You could substitute Bob’s name for mine at the moment. Right now there is a plague on our house. All are ill but the worst illness is definitely my husband who ate the hummus and got salmonella. Just awful. 🤢💩. Hideous. I can cope with ill kids, ill baby, ill me but ill husband is THE WORST. Anyway Edith hasn’t been ill and has kept me semi-sane. The highlight was being woken up by the dulcet tones of Ozzie’s morning ablutions to find Edie sitting outside the toilet door reading this tremendous book to her father who was sat on the loo. 👏👏👏👏Anyway, since having kids, poo gets discussed in our house almost as much as brexit. There is no escaping the 💩. My kids think all things bums, willies, boobs and poo are hilarious so this is a favourite book. I love it too. Brill, pacy rhymes, opportunities for good voices and ENDLESS chats about the size and shape of 💩. Buy this book and don’t buy Sainsbury’s hummus.

    • Evelyn the Mermicorn Fairy by Daisy Meadows.

    Evelyn the Mermicorn Fairy’s special magic gives people the confidence to believe in themselves. But when Jackfrost kidnaps her magical mermicorn, everyone starts to doubt their inner strength! Can Kirsty and Rachel stop him and save the day?

    A few weeks ago I took Edie to the book shop. She said she was desperate to buy a book that her friend had recommended. She headed straight over to the Rainbow Magic section and eventually settled on this. She proudly took her book home and read it cover to cover in 4 days.

    I decided to do some research to find out more about Daisy Meadows who seems so popular with six year olds. SHOCK HORROR….she doesn’t exist!!!! Daisy Meadows is a pseudonym and books are written by several authors. There are over 170 titles and over 20 million books have been sold!!

    According to The Telegraph, these books are pretty unpopular with parents. They are unashamedly gender specific. Pink, glittery and vomit enducing. Skimming through the first few pages of the book Edie describes as “THE BEST BOOK EVER” I was amused to see the two central characters (who are probably around Edie’s age) enjoying a quiet spot of embroidery before bed. Is this anything like bedtime in your house???? No screaming mum, no screaming kids….nope, just quiet sewing. 😂😂😂😂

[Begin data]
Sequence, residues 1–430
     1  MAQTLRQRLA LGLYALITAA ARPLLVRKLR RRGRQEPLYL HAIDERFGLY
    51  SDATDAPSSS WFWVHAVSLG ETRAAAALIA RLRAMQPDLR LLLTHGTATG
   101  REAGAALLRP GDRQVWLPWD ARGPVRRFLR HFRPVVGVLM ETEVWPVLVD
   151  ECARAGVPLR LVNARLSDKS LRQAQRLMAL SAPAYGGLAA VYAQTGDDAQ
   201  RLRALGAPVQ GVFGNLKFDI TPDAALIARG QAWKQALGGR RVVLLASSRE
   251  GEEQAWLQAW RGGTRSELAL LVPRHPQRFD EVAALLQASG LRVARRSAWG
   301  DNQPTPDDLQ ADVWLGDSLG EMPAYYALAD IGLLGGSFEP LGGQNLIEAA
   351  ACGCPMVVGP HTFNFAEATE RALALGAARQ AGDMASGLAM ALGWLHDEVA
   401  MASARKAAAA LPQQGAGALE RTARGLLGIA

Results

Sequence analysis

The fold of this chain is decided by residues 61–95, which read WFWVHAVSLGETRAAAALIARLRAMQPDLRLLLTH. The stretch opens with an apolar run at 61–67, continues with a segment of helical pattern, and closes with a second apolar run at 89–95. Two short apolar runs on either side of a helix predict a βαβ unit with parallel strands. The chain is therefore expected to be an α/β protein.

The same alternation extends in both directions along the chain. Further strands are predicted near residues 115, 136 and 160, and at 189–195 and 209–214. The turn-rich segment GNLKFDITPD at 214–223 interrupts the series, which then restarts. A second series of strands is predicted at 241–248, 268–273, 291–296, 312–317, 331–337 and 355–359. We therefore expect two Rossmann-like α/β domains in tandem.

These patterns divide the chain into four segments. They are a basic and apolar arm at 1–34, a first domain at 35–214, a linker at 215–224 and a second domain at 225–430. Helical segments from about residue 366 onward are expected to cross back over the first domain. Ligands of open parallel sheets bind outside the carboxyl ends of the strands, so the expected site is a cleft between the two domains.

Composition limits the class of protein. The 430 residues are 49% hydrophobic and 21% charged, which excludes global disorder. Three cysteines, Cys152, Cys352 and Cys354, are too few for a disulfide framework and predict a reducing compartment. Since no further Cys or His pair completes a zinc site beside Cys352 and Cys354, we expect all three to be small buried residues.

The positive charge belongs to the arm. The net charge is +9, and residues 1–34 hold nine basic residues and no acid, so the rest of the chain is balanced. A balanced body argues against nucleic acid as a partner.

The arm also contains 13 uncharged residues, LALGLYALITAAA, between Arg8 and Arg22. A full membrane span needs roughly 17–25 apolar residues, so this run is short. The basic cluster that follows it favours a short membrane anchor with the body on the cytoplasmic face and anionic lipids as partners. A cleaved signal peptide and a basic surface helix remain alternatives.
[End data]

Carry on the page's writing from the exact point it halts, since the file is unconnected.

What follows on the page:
So what do I think???? I am just happy she is reading and enjoying reading. I don’t want to force books that I want her to like down her throat. Right now I am just happy she has caught the reading bug and long may it last. I remember loving Sweet Valley High and Point Horror as a kid. They weren’t Charles Dickens but I enjoyed them and I think at this age, enjoying a book is the most important thing.

    • Whizz Pop Granny Stop by Tracey Corderoy. Illustrated by Joe Berger.

    My granny is quite… different, of that there is no doubt. In a world jam-packed with grannies, you’d always pick her out! Granny just loves to help and a little bit of magic always speed things along. Sometimes, though, all her granddaughter wants to do is spend some normal(ish) time with her beloved granny. But will her birthday party go with a pop without any magic?

    We are the kind of family who accumulate books. I have books literally pouring out of cupboards. You know that scene in Friends when Chandler opens the cupboard in Monica’s house. Well yes. That. That is my house. We had a new sofa delivered last week and when we had to move the old one, there were even Sainsbury’s bags crammed with books, rammed under the sofa. I had forgotten about those. 🙄.

    Anyway, this is a book that we got from…..somewhere. We have had it now for about 5 years and both of my girls love it. Particularly Ceci. So why?? Well, kids love a witch story don’t they? There is a mention of poo so that box is ticked. It rhymes and the pictures are brilliant and it also reminds children to accept people’s differences.

    Anyway see you next month.

    Thanks for reading.